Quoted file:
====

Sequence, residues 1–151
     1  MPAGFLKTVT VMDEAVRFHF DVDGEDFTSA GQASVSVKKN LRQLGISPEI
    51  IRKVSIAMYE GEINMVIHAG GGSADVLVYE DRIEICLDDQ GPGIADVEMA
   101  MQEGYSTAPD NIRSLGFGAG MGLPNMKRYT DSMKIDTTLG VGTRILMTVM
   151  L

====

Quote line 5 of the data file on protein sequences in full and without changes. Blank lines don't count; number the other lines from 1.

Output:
   151  L